By Giada Zampano
ROME (AA) – Italy’s Prime Minister Giuseppe Conte will address parliament early next week and face two confidence votes that will decide his government's survival after a junior party pulled out of the ruling coalition, depriving it of a parliamentary majority.
Conte made clear his intention to solve the political impasse in parliament when he met Italian President Sergio Mattarella on Thursday afternoon, updating him on the crisis sparked on Wednesday by former premier Matteo Renzi and his centrist Italia Viva party.
After months of open clashes with the premier, Renzi withdrew his two ministers from Conte’s cabinet in protest against his handling of key economic resources and his "centralizer" role.
Renzi’s move rocked Italian politics, just as the country is battling a resurgence of the COVID-19 pandemic and is mired in its worst economic recession since World War II.
On Monday, Conte will address the Chamber of Deputies, where a debate will be followed by a first vote of confidence that should provide an indication on the chances for the premier to pull together a new, or reinforced majority. The crucial vote, however, will be held the following day in the Senate, where finding additional support is more difficult.
The two main government forces – the populist Five Star Movement and the center-left Democratic Party – are standing by Conte after blasting Renzi’s choice as “irresponsible” and “damaging” for the whole country.
Renzi’s party hovered below 3% in recent polls, but in parliament, the former premier commands 48 lawmakers who are a determinant for Conte to remain in place. In particular, the defection of 18 Italia Viva senators would deprive Conte’s government of the majority needed in the upper house.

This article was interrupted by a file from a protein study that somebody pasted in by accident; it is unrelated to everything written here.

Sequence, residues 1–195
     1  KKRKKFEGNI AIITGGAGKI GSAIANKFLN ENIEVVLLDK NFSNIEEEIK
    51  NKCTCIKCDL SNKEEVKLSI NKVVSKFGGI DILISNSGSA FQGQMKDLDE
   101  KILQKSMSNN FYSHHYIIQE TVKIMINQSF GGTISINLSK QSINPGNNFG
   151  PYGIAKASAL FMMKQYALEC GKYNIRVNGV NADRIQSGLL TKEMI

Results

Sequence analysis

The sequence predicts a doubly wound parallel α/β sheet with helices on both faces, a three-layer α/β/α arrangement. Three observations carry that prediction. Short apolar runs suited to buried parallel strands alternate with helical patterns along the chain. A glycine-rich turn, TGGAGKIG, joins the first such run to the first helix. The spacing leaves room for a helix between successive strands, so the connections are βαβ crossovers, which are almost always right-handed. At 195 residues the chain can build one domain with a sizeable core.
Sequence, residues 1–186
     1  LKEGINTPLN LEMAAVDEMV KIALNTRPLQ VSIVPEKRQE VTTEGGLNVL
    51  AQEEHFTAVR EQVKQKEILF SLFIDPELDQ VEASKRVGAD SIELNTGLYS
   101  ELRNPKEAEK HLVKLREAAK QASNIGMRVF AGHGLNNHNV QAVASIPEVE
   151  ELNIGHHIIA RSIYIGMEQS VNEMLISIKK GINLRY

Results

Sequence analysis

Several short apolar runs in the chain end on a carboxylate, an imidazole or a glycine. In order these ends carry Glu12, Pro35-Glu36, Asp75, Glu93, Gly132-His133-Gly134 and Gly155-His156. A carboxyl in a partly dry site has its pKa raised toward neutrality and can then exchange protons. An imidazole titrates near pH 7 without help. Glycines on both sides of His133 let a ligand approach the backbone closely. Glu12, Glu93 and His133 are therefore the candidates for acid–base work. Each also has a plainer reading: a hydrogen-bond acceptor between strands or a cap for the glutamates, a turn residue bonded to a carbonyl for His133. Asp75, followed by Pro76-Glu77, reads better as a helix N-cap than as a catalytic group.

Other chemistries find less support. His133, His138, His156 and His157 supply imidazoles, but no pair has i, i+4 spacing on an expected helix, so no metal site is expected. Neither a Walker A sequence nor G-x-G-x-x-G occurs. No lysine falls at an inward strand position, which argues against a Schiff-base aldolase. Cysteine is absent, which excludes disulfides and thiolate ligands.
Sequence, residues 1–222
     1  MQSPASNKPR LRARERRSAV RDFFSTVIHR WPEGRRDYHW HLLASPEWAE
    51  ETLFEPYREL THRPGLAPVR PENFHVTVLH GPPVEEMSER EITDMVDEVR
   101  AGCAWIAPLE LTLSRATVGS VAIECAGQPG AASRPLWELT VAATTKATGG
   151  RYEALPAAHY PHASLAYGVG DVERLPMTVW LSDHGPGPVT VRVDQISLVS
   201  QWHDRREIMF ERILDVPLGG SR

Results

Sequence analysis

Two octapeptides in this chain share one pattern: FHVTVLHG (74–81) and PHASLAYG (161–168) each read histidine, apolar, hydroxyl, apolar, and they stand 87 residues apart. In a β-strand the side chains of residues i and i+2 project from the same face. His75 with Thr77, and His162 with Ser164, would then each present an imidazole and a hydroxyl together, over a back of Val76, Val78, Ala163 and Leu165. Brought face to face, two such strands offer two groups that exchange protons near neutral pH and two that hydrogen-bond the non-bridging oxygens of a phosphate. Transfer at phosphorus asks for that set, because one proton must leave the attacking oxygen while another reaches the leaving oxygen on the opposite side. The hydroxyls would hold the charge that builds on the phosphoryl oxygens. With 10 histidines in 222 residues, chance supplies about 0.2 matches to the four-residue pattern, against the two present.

Key support for Conte could come from the so-called “responsible” lawmakers, members of smaller and independent groups who would back the majority in parliament in the name of Italy’s political stability.
"There’s nothing wrong about speaking out in the open with political forces available to support a pro-European government able to handle the sanitary emergency and the recovery plan,” said Dario Franceschini, culture minister and a senior member of the Democratic Party who is known for his role as a mediator.
If Conte fails in cobbling together a new parliamentary majority, he would be left with no other option than tendering his resignation. That would leave Mattarella with the task of consulting parties to find another political solution or with the extreme choice of dissolving chambers and calling early elections.
Both the Five Stars and the Democratic Party fear the prospect of early polls, as – according to the latest forecasts — they would face a sour defeat, with the center-right opposition expected to win as much as 50% of the vote.
“We’re asking Conte to come to parliament immediately and explain to Italians what is going on,” said the Northern League party’s leader Matteo Salvini, who would likely head a nationalist, Eurosceptic government in case of an electoral win of the right-wing bloc.